Monday, October 31, 2011


We all know about the legends who have passed through the ranks of Ronnie Hawkins' various incarnations of The Hawks.  You have, of course, The Band members, but that was just part of the story.  Also in the group at various times were Roy Buchanan, King Biscuit Boy, members of Crowbar, Janis Joplin's Full Tilt Boogie Band, Dominic Troiano, even (gulp) David Foster.  Given that track record, one should never take a credit in Hawkins' band lightly.

Ryan and Sam Weber were rock-obsessed kids from Baltimore who got introduced to Hawkins thanks to The Last Waltz movie.  Youthful guts lead them to contact The Hawk back in 2001, and offer their services.  Whatever Hawkins heard, he once again proved his talent scout smarts were still there.  The Webers moved on up to Ontario, and got the full course under his tutelage.  Then, like the rest, they went out to earn their own stripes.

The past decade has seen them settle in the Peterborough area, and put out a long string of discs, somehow avoiding any great attention.  I want to grab passers-by and play them this new disc.  While it might sound like a bragging title a blues group would use, The Weber Brothers are instead a great, classic, rock group who may indeed be the baddest in the land.  They have mastered great chunks of bedrock group sounds, from the cowbell-dumb hard stuff of "Panic Attack" to the piano-pounding Leon/Elton number "Different Day".  Both Webers handle lead vocals, offering more variety that takes us from hard to soft, gutsy and smooth.  In "Can't Help Feeling Bad", they even conquer hit single-worthy material, that is if this was 1972, and they were Badfinger.

The thing is, it's also the most excitement rock band album I've heard in eons, or at least since The Sheepdogs.  Unlike The Sheepdogs, who sound too much like their influences, The Weber Brothers have swallowed up everything and created a bold blend.  It's as tight as a New Orleans funk band, and as surprising as the best mix tape.  This is the band I want to see tonight.


  1. This album is what real music should be, not digitally enhanced and over produce studio garbage. Just real and they sound even better live so, this isn't news to me. This is where blood, sweat and tears culminate into something great! This band is the real deal and I can't wait to see their next show!!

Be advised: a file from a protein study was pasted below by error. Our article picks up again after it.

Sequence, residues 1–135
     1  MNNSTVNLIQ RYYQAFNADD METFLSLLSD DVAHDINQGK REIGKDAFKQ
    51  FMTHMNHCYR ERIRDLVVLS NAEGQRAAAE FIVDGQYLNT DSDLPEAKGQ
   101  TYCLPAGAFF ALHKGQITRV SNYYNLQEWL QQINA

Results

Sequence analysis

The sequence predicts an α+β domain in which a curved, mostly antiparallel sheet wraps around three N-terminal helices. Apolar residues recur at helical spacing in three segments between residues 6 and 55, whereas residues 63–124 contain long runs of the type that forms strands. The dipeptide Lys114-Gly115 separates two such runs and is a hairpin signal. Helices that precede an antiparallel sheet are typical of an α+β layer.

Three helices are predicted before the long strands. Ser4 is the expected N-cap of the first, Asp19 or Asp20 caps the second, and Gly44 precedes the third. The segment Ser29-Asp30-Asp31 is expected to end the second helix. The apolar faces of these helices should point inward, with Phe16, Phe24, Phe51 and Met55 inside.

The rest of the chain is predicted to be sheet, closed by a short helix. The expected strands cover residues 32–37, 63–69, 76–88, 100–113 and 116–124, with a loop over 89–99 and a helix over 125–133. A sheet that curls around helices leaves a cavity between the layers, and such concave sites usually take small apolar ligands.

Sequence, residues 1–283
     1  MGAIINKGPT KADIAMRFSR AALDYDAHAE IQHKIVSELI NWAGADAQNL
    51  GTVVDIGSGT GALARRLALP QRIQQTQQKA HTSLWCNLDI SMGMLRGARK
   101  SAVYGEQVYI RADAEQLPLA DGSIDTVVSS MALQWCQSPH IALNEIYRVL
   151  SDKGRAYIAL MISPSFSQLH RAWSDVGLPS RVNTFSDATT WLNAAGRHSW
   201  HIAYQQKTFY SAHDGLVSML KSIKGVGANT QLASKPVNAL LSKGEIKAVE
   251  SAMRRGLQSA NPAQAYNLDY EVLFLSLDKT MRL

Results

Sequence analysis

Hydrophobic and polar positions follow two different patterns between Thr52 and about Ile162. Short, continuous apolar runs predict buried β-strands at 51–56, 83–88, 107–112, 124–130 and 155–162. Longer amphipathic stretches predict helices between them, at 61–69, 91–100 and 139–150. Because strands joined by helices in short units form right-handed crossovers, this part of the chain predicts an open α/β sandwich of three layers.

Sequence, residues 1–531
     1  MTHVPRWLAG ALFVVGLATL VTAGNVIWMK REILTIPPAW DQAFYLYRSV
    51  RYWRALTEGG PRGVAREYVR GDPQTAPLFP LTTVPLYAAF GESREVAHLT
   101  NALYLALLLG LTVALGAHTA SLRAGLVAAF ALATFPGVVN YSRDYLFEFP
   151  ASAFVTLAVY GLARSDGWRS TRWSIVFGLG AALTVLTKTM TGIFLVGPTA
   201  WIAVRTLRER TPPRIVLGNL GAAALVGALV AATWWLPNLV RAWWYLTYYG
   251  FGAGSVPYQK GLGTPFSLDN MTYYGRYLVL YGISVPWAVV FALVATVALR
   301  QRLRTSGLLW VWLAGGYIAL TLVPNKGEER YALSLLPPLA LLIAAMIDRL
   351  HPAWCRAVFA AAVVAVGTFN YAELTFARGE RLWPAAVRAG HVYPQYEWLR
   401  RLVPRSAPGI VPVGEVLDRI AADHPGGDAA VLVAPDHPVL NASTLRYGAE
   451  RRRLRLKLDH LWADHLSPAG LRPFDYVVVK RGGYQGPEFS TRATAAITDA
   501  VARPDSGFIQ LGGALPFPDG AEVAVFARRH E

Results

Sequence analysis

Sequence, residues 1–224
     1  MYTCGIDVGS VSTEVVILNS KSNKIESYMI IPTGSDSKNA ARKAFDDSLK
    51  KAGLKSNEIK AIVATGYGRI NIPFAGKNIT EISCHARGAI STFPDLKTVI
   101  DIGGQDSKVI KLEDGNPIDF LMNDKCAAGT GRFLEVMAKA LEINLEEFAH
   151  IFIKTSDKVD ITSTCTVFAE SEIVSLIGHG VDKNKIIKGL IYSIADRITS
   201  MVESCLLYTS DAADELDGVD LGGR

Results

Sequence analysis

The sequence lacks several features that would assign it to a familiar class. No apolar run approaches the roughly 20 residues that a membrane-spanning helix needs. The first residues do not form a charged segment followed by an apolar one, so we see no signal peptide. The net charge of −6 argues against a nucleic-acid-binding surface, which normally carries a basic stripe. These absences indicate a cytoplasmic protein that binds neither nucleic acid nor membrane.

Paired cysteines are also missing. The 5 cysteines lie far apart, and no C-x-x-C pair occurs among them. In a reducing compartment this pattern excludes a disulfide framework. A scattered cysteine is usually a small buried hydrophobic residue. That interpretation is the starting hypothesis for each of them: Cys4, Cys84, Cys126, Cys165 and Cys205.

M. Hitchins

  2. NIce article, Mr. Mersereau. And, after seven albums, it's nice to see these kids finally getting some well-deserved recognition. They are a perfect combination of Motown session band The Funk Brothers and that L.A. Studio Mafia from the 70s, all bundled up in a progressive enough package for today's fickle world of music. And an amazing live act as well. I have worked in clubs and venues for over thirty years; The Weber Brothers just might be the finest live band I have ever seen. Ever.
    Shine on you crazy diamonds,
    Jon Raw

  3. I have seen the Weber Brothers live a few times in Oshawa Ontaario..I was an instant of the best bands I have ever had the pleasure to listen to ...they deserve to be on the world stage thats for sure...Namaste Weber Brothers :)

  4. They're the best.
    Best songwriters.
    Best musicians.
    Best live shows.

    The Best.

  5. Seen these guys in Kitchener, Ontario at the Boathouse and also at our Blues Festival. Love their energy and they are so talented. Great band and I have their CD and enjoy it very much. Hope to see them again when they come in the area.

  6. just so you know, that recording was done in Winnipeg Manitoba at my studio , called Bedside Studio. you can find me as Len Milne on Facebook. Cheers